¶ 36 Geovanis testified that she never worked with CGC from December 2009 through March 2010, even though a CGC invoice for that period said that it worked with DPAC "to strategize and craft promotion." In fact, she did not work with anyone outside of DPAC in the spring of 2010.

         ¶ 37 Geovanis testified that she learned that CGC had taken credit for her work-her press releases and research-in April 2010. On cross-examination, she acknowledged that she received this information from the county's inspector general (IG) and not from her personal knowledge.

         ¶ 38 The parties stipulated to Render's testimony. Render knew Mullins through professional contacts. In January 2010, Mullins approached Render and told him that the county had opportunities for people with backgrounds in communications, including an opportunity to provide "marketing outreach services to inform suburban residents of a federal flood relief grant." At the time that Mullins told Render about this opportunity, Render was unemployed.

         ¶ 39 Render prepared a proposal that he submitted to Mullins. The initial proposal listed the budget at $27, 000, but Mullins lowered that number to $24, 980. Mullins also made other changes to the draft. Render wound up submitting several drafts of the proposal to Mullins before he accepted it.

         ¶ 40 Render received a check from the county on February 25, 2010 for $24, 980. At that time, he had performed no work on the contract. Render testified that he intended to perform the work pursuant to the contract but did not have the opportunity to do so.

         ¶ 41 On March 1, 2010, Render withdrew $11, 360 in cash. He gave Mullins $9000 outside his apartment. Render said that Mullins had asked for the cash in order to pay other vendors. Render said that he never met defendant or President Stroger.

         ¶ 42 Render had agreed to testify after entering into a deferred prosecution agreement with the federal government.

         ¶ 43 2. Department of Energy Grant Contracts

         ¶ 44 The next group of contracts dealt with a federal Department of Energy grant.

         ¶ 45 On February 24, 2010, the same day that Ramos signed the justification letters for CGC and Render, a justification letter was also drafted for Arrei Management (Arrei). The letter said that Arrei would work with DPAC "to build awareness of the composting and electronic collection programs to help resident [sic], business [sic], and other local governments become more energy efficient and conscious of conservation initiatives" and with the department of environmental control to "effectively communicate the *** Composting and Electronic Collection grant program to the 2.5 million resident's [sic] of Cook County." The letter said that the department of environmental control had selected Arrei because of its "vast experience *** in areas related, but not limited to, strategic planning and its diverse background in general consumer and multicultural media." The letter was signed by Kevin Givens, the director of the department of environmental control.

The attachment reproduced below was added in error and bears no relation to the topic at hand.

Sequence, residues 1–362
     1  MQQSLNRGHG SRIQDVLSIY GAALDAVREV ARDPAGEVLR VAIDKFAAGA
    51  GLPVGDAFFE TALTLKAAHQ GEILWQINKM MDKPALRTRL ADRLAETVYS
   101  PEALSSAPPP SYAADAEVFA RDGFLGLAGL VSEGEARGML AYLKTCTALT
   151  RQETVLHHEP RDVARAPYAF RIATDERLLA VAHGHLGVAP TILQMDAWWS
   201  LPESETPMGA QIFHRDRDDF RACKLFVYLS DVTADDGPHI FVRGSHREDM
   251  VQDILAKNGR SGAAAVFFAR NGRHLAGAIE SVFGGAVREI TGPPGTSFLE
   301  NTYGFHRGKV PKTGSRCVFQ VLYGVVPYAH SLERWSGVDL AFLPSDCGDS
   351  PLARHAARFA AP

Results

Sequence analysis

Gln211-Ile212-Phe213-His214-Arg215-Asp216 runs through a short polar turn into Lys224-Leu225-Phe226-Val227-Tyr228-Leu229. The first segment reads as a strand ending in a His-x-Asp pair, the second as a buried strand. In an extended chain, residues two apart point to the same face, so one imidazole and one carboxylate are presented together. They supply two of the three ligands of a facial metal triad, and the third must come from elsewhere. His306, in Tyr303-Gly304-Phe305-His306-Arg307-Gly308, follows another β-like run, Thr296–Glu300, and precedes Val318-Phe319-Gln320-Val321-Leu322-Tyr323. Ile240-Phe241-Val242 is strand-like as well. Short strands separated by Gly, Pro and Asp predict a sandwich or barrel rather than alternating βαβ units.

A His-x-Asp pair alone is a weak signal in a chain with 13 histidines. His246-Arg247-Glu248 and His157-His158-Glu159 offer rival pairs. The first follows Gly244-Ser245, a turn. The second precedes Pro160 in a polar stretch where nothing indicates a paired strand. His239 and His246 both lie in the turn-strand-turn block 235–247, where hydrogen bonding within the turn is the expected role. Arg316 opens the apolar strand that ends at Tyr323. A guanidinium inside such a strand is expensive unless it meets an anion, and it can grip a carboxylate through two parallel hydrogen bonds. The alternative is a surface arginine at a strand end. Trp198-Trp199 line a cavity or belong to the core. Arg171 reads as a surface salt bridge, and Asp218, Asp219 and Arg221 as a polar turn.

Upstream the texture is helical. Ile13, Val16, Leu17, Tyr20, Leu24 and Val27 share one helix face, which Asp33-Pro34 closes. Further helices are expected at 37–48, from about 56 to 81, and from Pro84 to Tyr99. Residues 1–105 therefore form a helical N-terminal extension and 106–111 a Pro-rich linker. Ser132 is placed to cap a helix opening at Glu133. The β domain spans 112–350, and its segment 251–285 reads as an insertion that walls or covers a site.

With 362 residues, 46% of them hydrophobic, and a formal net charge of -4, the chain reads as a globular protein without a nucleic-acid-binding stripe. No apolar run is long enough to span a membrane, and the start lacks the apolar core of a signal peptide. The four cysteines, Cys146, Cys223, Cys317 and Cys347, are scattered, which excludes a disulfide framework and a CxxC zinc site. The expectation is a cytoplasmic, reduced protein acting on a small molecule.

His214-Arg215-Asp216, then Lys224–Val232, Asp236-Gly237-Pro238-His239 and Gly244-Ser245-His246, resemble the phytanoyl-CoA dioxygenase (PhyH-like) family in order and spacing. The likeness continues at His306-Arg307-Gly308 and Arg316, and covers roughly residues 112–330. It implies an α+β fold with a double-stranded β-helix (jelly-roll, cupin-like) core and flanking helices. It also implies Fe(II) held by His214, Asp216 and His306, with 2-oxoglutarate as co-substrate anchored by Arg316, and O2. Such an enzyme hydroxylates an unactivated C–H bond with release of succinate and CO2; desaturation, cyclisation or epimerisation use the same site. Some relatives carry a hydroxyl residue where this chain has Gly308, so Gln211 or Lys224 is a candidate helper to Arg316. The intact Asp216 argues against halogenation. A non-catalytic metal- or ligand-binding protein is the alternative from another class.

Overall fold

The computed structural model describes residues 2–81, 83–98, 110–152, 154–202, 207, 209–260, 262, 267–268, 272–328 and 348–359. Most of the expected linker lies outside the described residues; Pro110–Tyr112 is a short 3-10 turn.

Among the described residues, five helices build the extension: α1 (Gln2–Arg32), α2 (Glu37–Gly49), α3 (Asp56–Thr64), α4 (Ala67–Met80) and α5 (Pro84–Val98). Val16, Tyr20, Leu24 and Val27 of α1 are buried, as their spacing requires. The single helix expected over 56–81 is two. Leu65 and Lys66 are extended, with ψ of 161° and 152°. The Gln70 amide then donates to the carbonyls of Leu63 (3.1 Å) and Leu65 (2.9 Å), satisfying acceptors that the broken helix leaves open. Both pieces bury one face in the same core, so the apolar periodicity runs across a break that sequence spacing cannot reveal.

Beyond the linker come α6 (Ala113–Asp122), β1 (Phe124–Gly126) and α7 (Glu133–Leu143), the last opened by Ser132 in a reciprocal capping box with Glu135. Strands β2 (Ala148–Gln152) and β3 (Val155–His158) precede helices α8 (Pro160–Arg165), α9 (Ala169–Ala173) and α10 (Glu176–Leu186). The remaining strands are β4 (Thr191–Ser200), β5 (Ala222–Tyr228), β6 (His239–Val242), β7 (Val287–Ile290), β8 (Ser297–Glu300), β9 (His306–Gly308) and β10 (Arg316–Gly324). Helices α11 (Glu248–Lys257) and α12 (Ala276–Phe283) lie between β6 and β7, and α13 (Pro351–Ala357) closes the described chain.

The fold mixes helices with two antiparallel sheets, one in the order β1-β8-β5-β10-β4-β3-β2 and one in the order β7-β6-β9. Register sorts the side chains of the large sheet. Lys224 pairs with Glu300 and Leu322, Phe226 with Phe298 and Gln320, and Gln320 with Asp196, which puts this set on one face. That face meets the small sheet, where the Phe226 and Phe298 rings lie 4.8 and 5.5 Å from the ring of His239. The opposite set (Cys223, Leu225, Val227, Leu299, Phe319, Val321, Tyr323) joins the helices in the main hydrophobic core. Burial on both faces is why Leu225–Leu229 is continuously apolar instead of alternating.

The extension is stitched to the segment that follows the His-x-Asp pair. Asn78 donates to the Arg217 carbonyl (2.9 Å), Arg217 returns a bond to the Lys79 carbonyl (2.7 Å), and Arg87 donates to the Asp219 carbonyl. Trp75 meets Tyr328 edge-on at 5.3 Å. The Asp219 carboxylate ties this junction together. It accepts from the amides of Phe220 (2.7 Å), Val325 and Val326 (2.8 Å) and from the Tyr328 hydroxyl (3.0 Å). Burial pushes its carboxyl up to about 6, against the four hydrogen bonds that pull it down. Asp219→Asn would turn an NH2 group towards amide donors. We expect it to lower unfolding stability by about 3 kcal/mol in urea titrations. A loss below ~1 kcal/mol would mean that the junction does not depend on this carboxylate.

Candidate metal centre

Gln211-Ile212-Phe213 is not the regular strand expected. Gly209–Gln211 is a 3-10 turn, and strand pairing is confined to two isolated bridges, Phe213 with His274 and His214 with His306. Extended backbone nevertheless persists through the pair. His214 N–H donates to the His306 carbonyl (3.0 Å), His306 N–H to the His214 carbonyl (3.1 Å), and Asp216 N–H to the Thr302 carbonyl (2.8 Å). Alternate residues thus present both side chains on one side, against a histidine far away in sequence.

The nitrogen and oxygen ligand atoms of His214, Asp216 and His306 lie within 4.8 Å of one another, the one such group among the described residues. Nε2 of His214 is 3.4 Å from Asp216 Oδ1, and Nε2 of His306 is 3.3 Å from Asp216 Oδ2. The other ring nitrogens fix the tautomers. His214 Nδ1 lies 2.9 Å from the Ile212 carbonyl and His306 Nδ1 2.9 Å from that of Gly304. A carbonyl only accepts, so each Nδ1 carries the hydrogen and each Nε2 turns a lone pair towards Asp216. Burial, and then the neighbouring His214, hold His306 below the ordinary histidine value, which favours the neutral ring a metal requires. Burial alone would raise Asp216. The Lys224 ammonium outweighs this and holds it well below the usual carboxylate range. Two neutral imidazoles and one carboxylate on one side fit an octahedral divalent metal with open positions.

¶ 46 On March 18, 2010, Givens signed a justification letter for Michael L. Peery. This letter said that Peery would provide the same services as Arrei, using exactly the same language as the Arrei justification letter. The letter said that Peery was selected as a sole-source vendor because of his "vast experience in areas related, but not limited to, strategic planning and his position as a radio and television producer."

         ¶ 47 On March 26, 2010, the county wrote checks to Arrei and Peery for $24, 995 and $24, 980, respectively. Defendant had established a bank account for Arrei in 2006. As of December 31, 2009, Arrei had $16.76 in its account. From that date until March 29, 2010, there were only two transactions relating to that account: a withdrawal of $10 and a service fee of $6.76. The Cook County check was deposited in Arrei's account on March 29, 2010.

         ¶ 48 On March 31, 2010, two transfers of $7000 and $4500 were made from Arrei's account to CGC's accounts. On April 2 and April 9, 2010, three additional transfers resulted in $1500 being transferred from Arrei to CGC. After a subsequent transfer of $10, 000 to a checking account held by an individual named Shawn Thompson, Arrei's bank account had a balance of $173.